I've heard that one big meal a month is probably OK. Not sure how that relates to food addictions or how big that meal can be, but I'm guessing Thanksgiving-sized (which I've heard averages out to about 3,000 calories) is probably as big as it should get.

Is there anything you do to stop yourself from eating? Smokers might chew gum, have a light snack, etc. to stop themselves from smoking. In my case, I substitute a smaller amount of food - measured - and I feel fine. Try something like that and you may feel a bit better.

GIPPER1961 Posts: 748
8/20/14 2:35 P

I have been seeing a counselor for a number of years for binge eating related problems and it has been helpful. I thought going in that getting that help would solve it and pretty quickly. In this time I have leaned a lot about myself, but I can't say I am completely cured but my control has gotten better over that time.

Since you are just starting to see patterns and wondering if it is needed I would like to recommend you start by reading about food addiction, sugar addiction, or binge eating, (any or all of those that you think might apply to you).

there are some great books on the subject and not all of them take the same prescriptive action. By reading more about it you can more readily figure out if you fit the descriptions.

I am currently reading a book called Anatomy of a food addiction. There are several more I could recommend but looking up a subject listing on Amazon can give you a good start. Also on Spark people there are some teams related to these subjects that are a great resource for the problems of binge eating, emotional eating etc.

Edited by: GIPPER1961 at: 8/20/2014 (14:37)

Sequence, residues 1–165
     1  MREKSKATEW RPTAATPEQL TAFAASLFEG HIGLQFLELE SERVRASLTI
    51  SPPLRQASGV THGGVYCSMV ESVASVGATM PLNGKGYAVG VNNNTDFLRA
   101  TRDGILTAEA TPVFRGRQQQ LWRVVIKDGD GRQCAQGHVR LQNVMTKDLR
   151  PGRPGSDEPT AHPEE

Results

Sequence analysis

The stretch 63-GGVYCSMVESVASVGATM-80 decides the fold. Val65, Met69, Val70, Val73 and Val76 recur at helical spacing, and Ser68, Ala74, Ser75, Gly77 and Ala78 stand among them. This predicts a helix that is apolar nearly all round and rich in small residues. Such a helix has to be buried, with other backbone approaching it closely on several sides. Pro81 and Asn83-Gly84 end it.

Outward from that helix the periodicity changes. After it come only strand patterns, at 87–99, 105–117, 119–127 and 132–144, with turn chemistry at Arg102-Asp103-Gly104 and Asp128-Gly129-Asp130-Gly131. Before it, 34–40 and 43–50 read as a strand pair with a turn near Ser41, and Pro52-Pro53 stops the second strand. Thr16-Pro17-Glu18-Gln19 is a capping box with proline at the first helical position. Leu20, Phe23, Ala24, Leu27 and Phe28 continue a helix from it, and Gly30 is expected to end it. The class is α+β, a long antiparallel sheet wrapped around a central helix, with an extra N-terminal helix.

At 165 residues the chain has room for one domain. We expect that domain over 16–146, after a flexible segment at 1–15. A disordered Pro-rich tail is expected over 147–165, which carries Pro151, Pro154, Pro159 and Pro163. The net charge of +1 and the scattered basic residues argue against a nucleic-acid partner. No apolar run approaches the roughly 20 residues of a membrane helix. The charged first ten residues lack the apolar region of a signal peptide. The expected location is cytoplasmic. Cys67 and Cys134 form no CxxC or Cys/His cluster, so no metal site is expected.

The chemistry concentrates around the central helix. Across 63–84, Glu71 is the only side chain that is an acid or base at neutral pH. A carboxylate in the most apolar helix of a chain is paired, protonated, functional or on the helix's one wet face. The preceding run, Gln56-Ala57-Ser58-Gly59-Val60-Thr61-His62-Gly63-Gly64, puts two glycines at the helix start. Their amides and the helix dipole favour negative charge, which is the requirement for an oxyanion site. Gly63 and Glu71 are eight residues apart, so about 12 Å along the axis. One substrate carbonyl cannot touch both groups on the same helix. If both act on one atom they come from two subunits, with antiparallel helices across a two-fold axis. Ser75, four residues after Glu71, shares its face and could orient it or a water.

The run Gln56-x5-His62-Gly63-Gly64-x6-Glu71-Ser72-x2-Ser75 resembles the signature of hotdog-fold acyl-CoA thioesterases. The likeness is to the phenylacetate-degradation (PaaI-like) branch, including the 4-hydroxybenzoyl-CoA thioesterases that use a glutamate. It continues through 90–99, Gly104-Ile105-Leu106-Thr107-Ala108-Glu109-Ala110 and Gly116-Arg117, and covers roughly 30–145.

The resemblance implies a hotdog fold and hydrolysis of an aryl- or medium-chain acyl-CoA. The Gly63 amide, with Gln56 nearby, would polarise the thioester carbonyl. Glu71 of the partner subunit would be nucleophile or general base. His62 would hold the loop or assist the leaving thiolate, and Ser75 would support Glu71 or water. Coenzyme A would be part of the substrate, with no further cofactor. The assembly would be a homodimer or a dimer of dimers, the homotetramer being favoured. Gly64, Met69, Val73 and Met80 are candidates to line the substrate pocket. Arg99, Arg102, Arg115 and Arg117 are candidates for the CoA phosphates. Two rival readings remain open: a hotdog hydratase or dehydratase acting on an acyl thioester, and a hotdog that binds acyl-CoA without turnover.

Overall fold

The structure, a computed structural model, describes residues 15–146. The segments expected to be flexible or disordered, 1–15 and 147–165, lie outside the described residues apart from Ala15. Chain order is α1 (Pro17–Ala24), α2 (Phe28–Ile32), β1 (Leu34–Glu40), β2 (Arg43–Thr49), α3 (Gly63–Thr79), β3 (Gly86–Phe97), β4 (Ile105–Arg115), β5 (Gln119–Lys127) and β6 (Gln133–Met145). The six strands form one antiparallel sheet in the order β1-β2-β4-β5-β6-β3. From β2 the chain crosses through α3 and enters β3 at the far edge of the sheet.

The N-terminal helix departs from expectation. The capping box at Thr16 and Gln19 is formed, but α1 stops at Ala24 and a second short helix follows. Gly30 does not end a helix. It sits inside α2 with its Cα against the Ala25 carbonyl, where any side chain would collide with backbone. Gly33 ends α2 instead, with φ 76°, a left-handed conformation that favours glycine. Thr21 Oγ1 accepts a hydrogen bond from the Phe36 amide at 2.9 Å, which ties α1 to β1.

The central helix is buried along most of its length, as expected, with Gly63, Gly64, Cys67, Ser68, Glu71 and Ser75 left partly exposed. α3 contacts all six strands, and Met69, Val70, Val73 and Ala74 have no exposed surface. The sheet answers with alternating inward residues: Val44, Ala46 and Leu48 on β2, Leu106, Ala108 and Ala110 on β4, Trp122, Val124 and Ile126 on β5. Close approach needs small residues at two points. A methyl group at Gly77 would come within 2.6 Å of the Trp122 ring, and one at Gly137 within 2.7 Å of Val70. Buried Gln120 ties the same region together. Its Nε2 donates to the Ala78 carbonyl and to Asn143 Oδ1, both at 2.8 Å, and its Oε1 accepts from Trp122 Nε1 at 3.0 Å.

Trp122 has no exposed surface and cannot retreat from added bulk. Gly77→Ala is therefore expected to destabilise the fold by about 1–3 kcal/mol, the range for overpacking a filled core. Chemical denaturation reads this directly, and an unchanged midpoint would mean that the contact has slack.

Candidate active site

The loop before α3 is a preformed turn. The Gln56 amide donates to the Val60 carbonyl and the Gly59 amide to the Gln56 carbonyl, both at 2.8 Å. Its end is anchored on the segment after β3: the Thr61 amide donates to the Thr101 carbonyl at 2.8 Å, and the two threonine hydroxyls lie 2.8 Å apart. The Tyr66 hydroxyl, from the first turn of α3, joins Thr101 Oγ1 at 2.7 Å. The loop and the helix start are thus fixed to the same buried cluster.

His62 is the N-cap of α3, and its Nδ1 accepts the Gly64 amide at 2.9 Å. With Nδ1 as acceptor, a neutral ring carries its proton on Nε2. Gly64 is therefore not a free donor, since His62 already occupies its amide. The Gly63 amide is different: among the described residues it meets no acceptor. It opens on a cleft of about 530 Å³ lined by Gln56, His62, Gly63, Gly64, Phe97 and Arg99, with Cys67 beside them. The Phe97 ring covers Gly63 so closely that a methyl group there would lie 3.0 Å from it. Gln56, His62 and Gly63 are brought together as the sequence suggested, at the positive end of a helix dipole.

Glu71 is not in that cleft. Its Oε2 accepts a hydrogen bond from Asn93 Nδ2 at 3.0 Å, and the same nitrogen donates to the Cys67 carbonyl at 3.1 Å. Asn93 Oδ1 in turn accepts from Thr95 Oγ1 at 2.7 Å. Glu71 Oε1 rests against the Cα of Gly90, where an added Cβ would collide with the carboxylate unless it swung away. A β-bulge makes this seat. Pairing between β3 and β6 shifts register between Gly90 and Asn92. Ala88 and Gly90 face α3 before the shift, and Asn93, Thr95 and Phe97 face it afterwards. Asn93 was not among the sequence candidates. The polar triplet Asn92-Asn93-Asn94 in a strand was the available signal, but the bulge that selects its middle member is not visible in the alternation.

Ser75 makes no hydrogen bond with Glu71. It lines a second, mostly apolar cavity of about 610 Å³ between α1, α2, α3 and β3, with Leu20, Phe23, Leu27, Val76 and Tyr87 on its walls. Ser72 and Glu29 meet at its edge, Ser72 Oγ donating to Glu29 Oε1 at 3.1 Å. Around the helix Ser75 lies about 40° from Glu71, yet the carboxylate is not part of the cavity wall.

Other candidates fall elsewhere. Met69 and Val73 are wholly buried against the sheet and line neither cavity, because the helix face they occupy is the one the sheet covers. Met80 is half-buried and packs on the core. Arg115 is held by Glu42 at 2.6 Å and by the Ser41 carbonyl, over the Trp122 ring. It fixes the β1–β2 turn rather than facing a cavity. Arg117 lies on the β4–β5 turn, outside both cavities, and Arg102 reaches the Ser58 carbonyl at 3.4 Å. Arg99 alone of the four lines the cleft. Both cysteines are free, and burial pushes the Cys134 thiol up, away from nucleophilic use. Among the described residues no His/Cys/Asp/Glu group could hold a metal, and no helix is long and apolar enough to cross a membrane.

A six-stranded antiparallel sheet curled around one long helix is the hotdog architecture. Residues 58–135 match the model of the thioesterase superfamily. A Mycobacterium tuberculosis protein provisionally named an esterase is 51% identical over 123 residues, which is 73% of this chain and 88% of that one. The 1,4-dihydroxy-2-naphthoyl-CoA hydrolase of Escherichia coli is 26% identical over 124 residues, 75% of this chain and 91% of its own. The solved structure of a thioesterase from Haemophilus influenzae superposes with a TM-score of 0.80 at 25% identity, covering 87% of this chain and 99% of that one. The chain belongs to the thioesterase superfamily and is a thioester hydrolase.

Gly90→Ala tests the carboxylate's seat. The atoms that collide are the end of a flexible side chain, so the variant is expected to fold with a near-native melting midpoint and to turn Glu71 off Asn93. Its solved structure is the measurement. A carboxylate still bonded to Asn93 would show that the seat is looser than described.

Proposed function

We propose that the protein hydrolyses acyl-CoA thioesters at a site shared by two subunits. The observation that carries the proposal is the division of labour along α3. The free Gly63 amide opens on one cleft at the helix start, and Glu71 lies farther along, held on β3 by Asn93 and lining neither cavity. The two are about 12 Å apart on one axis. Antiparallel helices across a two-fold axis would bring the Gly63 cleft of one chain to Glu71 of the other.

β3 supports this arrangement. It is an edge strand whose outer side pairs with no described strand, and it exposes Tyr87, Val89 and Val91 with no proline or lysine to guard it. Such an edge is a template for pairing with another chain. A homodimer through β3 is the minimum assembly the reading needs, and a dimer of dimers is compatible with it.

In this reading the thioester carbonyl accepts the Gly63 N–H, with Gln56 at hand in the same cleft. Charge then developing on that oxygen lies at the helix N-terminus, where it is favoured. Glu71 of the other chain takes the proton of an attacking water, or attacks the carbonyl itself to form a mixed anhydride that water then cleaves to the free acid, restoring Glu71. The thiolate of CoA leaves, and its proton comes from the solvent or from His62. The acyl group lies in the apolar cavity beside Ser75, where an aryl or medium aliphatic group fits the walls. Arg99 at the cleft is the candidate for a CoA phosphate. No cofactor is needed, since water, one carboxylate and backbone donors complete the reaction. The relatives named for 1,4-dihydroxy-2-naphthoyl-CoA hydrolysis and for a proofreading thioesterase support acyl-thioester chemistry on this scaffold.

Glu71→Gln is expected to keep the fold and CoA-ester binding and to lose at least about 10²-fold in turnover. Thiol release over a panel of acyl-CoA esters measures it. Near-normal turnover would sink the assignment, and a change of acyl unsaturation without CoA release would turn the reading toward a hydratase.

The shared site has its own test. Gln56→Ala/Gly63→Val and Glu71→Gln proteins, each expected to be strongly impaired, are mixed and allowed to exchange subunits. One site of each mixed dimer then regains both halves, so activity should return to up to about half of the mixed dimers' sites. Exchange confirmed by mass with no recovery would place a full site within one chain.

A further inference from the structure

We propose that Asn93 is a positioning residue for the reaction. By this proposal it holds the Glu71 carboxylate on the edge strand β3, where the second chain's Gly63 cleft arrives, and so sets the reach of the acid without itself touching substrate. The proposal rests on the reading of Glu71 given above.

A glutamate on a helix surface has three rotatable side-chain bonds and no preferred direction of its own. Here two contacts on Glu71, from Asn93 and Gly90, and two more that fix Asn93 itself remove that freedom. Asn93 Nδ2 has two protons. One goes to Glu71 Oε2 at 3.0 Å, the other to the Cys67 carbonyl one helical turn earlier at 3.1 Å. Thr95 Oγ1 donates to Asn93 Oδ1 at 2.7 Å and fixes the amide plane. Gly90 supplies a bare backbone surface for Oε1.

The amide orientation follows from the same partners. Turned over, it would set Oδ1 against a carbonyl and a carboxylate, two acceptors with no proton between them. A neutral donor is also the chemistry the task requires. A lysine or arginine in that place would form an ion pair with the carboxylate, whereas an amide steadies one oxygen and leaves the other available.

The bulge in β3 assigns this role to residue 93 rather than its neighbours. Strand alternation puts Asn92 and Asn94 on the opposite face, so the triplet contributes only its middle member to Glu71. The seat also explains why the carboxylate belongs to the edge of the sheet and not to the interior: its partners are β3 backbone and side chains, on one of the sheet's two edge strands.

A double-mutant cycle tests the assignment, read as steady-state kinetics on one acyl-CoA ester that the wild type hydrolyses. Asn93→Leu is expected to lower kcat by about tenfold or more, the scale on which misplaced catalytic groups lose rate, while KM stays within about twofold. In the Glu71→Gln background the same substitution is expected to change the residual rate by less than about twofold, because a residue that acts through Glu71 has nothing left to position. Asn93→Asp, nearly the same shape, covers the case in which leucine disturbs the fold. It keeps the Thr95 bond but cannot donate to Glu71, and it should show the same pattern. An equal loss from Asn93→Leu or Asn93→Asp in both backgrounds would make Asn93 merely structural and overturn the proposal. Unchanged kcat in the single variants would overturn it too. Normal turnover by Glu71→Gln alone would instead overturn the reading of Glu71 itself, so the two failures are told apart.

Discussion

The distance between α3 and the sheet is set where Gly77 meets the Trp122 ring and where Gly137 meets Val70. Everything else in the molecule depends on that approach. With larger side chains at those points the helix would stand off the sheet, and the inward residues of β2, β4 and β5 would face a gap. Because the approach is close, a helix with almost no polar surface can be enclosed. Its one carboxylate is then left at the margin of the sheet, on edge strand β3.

8/20/14 11:32 A

That is not insignificant at all - you should be proud of yourself! Glad you are doing better

TIFFFIT Posts: 1,765
8/20/14 10:54 A

Thanks Coach Jen; the binge eating article was actually somewhat helpful. I know I've shown inappropriate behaviors in the past (hiding evidence of eating for example) so I don't want to ever let that get out of control. I actually feel better and more in control this morning; I had my usual a.m. workout, then my usual coffee and now I can plan the remainder of my day. One of my daily SP goals is to "Be proud of myself". I had to really give that one some thought this morning but I was able to check the box, and as small and insignificant as that may seem it definitely put me back in the right mindset.
I'm going in late to work this morning to attend a school function with our daughter, and then I have to leave early for a dentist's appointment so I should have plenty of time to get back on track today.
Thank you!



SLIMMERKIWI SparkPoints: (240,817)
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8/20/14 6:22 A